Robotic-Assisted Cardiac Surgery
What is robot-assisted cardiac surgery?
Robot-assisted cardiac surgery is heart surgery done through very small cuts in the
chest. The surgeons use tiny instruments and robot-controlled tools to do heart surgery
in a way that is much less invasive than open-heart surgery. Robot-assisted cardiac
surgery is commonly called robotic cardiac surgery.
Robot-assisted surgeries have been used for a number of different heart-related procedures,
including valve surgery, coronary artery bypass, cardiac tissue ablation, heart defect
repair, and tumor removal.
Why might I need robot-assisted cardiac surgery?
The main benefit of robot-assisted cardiac surgery is that it is less invasive compared
with open-heart surgery. Smaller incisions can mean that you can spend less time in
the hospital, heal faster, and return to activities more quickly.
Your healthcare provider will determine if robot-assisted cardiac surgery is right
for you. It may be used to:
Repair or replace stiff or leaky heart valves
Correct atrial fibrillation, a common type of arrhythmia
Remove a tumor in the heart
Treat congenital heart conditions
To bypass blocked arteries (coronary artery bypass surgery)
Your healthcare provider may have other reasons to recommend robot-assisted cardiac
What are the risks of robot-assisted cardiac surgery?
One of the main benefits of robot-assisted cardiac surgery is that it has fewer risks
than open-heart surgery. The surgeon does not have to cut through the breastbone to
open your chest. This removes many of the complications of open-heart surgery.
Robot-assisted cardiac surgery still requires anesthesia and, as with any kind of
surgery, there are always risks involved, including:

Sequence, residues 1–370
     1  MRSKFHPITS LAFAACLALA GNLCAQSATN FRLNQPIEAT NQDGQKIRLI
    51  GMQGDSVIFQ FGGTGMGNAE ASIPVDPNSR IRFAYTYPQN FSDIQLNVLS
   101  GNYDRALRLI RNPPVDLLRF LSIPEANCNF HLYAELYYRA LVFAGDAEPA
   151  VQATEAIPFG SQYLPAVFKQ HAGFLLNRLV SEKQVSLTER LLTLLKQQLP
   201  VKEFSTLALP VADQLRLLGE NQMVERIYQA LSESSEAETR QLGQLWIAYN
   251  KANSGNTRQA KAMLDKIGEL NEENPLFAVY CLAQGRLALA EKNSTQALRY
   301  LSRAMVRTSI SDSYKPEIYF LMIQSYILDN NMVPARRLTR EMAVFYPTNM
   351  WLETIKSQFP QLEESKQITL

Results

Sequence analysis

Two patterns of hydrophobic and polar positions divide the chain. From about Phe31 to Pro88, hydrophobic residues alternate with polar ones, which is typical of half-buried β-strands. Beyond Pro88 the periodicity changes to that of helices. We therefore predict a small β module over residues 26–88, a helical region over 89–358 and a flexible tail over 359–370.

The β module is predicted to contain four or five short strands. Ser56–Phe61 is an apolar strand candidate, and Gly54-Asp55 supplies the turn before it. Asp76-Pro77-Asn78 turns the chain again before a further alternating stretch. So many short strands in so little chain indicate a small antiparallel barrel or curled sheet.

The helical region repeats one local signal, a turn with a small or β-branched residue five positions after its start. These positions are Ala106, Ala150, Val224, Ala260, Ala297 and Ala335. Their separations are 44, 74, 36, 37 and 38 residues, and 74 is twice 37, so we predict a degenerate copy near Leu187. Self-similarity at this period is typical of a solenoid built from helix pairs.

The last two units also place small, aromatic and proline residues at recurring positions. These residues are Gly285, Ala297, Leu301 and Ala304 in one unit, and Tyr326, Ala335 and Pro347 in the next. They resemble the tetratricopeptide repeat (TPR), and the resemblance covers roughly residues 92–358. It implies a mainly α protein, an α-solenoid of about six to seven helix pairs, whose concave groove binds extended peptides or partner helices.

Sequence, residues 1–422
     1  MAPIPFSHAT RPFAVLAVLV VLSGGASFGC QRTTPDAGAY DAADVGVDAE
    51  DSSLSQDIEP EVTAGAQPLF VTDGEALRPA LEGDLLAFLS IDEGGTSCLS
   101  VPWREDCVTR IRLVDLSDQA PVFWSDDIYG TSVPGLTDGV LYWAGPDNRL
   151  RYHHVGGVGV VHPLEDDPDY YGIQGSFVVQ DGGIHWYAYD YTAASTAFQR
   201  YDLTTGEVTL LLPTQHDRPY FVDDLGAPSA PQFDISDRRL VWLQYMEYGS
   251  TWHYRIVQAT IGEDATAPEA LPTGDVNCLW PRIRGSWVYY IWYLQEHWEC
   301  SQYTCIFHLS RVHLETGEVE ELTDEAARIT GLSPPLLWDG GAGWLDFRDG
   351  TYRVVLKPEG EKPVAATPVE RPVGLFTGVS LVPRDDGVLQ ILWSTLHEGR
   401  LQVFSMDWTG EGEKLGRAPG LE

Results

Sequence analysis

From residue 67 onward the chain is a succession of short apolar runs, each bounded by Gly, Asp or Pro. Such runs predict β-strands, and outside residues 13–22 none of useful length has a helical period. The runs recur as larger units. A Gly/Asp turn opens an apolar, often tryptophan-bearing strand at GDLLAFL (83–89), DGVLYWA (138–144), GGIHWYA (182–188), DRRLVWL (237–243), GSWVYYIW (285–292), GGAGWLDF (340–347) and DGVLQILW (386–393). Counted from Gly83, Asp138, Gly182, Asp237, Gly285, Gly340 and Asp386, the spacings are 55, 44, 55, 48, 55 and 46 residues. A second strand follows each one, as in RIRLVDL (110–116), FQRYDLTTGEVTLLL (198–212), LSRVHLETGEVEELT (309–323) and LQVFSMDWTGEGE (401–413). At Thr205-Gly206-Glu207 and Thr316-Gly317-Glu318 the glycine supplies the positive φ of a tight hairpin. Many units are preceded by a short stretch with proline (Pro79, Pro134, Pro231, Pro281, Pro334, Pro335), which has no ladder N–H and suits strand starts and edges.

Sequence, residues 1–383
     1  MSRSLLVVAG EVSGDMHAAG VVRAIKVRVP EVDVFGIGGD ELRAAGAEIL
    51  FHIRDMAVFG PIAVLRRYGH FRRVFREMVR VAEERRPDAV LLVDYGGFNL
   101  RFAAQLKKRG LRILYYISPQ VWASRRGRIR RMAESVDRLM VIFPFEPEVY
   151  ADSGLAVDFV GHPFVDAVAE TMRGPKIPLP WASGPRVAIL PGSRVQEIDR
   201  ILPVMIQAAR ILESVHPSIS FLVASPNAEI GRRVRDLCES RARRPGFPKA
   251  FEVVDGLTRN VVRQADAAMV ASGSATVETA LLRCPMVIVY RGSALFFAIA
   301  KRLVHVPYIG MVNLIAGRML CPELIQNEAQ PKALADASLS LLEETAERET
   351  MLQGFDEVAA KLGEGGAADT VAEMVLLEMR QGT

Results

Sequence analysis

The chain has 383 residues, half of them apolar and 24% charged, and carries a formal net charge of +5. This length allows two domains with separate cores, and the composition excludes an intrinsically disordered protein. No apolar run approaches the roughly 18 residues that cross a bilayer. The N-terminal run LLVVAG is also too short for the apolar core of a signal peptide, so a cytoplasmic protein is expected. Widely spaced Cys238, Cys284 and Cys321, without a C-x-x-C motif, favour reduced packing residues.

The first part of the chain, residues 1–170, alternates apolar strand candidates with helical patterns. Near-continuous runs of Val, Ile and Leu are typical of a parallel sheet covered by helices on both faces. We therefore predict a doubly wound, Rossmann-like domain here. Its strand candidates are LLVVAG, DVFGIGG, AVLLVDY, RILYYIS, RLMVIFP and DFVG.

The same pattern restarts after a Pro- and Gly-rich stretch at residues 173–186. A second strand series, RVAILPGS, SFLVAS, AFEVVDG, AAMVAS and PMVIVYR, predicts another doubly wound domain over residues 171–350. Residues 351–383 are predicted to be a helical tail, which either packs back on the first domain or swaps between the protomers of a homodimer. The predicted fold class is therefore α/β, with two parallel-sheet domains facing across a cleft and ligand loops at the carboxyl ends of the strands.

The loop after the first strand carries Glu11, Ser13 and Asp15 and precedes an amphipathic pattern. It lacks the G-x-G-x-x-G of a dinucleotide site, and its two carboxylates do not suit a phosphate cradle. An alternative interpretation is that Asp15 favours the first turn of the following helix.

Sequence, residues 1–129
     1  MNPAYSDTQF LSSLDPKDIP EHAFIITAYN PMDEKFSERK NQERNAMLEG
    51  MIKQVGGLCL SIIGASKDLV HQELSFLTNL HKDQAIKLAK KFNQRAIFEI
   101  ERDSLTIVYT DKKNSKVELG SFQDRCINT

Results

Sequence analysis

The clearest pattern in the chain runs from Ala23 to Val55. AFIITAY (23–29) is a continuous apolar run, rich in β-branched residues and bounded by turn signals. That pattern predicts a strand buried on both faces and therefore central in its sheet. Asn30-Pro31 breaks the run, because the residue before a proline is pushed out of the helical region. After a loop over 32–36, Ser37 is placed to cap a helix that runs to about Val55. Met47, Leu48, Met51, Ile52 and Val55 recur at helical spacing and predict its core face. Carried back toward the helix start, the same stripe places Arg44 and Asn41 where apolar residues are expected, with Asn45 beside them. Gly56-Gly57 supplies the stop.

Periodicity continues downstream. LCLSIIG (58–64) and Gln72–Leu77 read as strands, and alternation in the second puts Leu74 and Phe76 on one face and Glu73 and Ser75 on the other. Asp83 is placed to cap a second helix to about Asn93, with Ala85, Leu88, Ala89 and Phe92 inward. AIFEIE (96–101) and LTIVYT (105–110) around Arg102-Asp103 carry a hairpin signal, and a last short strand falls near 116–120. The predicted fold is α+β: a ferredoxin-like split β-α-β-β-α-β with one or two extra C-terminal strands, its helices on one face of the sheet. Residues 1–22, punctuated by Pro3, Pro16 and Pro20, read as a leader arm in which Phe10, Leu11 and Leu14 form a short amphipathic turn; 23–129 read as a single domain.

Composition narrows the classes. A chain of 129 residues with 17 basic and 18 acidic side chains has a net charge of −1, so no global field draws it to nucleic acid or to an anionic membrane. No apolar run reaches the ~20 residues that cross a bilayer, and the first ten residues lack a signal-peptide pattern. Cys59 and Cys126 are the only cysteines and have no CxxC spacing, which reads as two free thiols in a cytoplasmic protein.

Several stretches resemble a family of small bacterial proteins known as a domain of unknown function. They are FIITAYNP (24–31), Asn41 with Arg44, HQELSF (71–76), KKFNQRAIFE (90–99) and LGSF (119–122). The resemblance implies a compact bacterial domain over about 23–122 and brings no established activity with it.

In some cases, your healthcare provider may not be able to complete the surgery with
the robot. If this happens, you would need open-heart surgery. You may have other
risks, based on your specific medical condition. Be sure to talk with your healthcare
provider about any concerns you have before your procedure.
How do I get ready for robot-assisted cardiac surgery?
To see if you are a good candidate for this procedure, your healthcare provider will
review your medical history, and lifestyle, as well as the overall severity of the
Your healthcare provider will explain the procedure to you. Be sure to ask your healthcare
provider about any questions you might have.
You will be asked to sign a consent form that gives your permission to do the procedure.
Read the form carefully and ask questions if something is unclear.
Along with a complete health history, your healthcare provider may do a physical exam
to make sure you are in otherwise good health before you undergo the procedure. You
may also have blood tests and other diagnostic tests.
Your healthcare provider may recommend taking an aspirin before the procedure.
Tell your healthcare provider right away if you are pregnant or think you may be.
You should tell your healthcare provider:
If you are sensitive to or are allergic to any medicines, latex, iodine, tape, contrast
dyes, and anesthesia (local or general)
About all prescribed and over-the-counter medicines, and herbal supplements that you
If you have a history of bleeding disorders or if you are taking any blood-thinning
medicines (anticoagulant), aspirin, or other medicines that affect blood clotting.
You may need to stop these medicines before the procedure. Pay attention to which
medicines to stop before surgery and when.
If you have a pacemaker or other implanted heart device
If you smoke, stop smoking as soon as possible before the procedure. This will improve
your chances for a successful recovery from surgery and your overall health status.
Follow any directions you are given for not eating or drinking before the procedure.
Based on your health condition, your healthcare provider may have other instructions
What happens during robot-assisted cardiac surgery?
Talk with your healthcare provider about the details of your procedure. The following is